Infants rely on both semantic and episodic memory. Semantic memory is the processing of ideas not drawn from personal experience (names of colors, or dates of events in history, for instance). Episodic memory is drawn from personal experience (what the first day of school was like or where you were on 9/11). Over time, the episodic memory may become semantic memory, so that you don't remember you learned about dogs from playing with your first dog – you just know what a dog is [source: Zimmermann].

Scientists think the reason we can't recall events from babyhood may be because of the way memories are stored and accessed. While both semantic and episodic memories are stored in various regions of the brain's surface, known as the cortex, it isn't until ages 2 to 4 that the brain's hippocampus networks all these disparate regions into one centralized source of information. These connections allow children -- and adults -- to recall memories for the long term [source: Shouse].

Does this window into early childhood memories really explain why we can't remember being babies? One 2014 study blames the circuits in our brains for betraying our ability to remember babyhood.

Results published in the journal Science shed new light on the amnesia older children and adults have about their baby years. The study centered on the constant formation of new cells in infant brains. The process of growing new neurons, known as neurogenesis, occurs throughout a mammal's life. However, babies produce new neurons at an accelerated rate. And where does all of this production take place? The hippocampus, which is what we rely on to access all the memories we're storing [source: Locke].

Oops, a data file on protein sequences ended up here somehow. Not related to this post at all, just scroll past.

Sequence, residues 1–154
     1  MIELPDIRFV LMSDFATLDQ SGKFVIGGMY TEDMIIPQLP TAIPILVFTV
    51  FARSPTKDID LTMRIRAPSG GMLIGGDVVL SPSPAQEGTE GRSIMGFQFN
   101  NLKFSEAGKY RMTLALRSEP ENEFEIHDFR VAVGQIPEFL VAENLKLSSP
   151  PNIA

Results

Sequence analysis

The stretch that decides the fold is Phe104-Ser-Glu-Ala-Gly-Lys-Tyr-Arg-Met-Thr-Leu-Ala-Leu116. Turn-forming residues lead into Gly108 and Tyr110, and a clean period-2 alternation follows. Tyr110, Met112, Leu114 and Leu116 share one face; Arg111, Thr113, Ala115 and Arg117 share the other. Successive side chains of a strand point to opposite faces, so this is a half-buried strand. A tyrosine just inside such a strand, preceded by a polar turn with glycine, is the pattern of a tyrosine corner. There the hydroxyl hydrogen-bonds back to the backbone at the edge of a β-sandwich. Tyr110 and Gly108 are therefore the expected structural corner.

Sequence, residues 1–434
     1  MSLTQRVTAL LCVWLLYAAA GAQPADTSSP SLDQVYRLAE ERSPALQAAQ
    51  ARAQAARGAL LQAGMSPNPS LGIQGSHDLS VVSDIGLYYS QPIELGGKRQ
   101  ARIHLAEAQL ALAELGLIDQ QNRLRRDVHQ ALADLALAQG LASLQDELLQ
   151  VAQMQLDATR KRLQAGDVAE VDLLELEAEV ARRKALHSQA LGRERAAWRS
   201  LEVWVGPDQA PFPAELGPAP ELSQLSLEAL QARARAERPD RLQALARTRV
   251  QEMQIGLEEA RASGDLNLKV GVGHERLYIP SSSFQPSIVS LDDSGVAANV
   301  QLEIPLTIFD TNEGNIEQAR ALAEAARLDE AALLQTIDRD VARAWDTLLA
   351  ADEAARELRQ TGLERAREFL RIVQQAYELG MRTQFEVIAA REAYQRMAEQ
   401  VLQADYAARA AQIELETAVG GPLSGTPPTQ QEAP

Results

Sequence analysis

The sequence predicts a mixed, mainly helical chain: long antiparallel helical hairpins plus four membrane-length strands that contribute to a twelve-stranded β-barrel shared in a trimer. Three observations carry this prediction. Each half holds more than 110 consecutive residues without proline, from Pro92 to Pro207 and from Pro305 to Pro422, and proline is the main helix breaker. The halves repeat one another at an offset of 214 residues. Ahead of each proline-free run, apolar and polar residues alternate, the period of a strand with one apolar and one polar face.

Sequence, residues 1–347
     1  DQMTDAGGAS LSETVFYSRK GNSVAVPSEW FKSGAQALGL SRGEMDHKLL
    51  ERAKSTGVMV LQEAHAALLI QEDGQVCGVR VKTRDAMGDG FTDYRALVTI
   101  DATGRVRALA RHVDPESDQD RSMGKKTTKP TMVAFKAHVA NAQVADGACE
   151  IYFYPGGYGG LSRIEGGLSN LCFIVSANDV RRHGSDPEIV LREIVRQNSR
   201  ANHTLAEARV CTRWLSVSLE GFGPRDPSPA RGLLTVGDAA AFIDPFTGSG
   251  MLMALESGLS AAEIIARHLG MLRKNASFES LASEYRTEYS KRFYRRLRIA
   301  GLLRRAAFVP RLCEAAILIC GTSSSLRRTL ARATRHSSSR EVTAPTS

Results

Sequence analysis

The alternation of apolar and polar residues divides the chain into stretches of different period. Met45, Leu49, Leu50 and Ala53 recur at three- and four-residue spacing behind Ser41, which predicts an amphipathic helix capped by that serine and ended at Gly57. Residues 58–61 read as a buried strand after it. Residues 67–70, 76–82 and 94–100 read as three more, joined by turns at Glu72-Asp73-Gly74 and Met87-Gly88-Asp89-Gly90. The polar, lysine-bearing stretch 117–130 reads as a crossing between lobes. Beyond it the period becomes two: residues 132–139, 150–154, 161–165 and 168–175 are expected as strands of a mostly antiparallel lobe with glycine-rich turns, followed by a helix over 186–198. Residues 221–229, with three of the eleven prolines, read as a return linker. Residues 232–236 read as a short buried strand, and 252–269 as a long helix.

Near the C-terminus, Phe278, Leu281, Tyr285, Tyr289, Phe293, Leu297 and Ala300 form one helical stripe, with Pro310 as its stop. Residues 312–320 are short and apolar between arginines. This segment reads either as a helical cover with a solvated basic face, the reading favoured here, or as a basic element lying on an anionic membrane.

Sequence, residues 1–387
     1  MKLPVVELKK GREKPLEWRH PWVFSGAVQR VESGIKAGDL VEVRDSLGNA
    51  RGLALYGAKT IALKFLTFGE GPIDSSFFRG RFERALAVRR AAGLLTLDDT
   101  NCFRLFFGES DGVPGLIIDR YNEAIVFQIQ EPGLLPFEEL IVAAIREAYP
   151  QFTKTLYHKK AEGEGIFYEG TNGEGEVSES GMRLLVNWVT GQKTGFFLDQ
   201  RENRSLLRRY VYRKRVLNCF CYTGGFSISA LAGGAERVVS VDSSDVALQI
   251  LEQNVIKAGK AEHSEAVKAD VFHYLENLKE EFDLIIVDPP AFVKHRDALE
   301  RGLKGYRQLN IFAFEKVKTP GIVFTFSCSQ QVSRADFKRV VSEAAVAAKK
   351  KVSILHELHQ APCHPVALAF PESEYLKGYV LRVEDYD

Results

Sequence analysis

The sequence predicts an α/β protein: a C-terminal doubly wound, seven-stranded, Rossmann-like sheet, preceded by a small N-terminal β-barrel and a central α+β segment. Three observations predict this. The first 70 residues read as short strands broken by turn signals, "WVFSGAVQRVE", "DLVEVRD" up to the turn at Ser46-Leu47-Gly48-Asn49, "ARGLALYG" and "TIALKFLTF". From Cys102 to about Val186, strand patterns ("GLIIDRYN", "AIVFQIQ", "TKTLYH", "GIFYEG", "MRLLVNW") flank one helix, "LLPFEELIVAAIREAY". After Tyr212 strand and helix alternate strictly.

Using rodents as test subjects, researchers surmised all these new neurons cropping up in the hippocampus disrupt its formation and access of memories. In fact, when the researchers used drugs to decrease the number of new neurons formed by the rodents, the rodents were able to remember better. Increasing the number of neurons had the opposite effect [source: Locke].

Tapping Into Early Childhood Memories

Maybe it's better that you don’t remember some of the things you did as a baby!
Maybe it's better that you don’t remember some of the things you did as a baby!
Fuse/Thinkstock

Even with all the research surrounding early childhood, there aren't definitive answers as to when -- exactly -- we lose the memories of being a baby. Even among your circle of friends, there are likely to be those who can remember childhood experiences more vividly, and from an earlier age, than others.

One intriguing hypothesis is that the ability to remember being a baby may be linked to left- and right-handedness. A study published in the journal Neuropsychology suggested people who perform tasks with both the right and left hands may be able to remember childhood memories formed at an earlier age than those who are solely right-handed [source: Winerman] .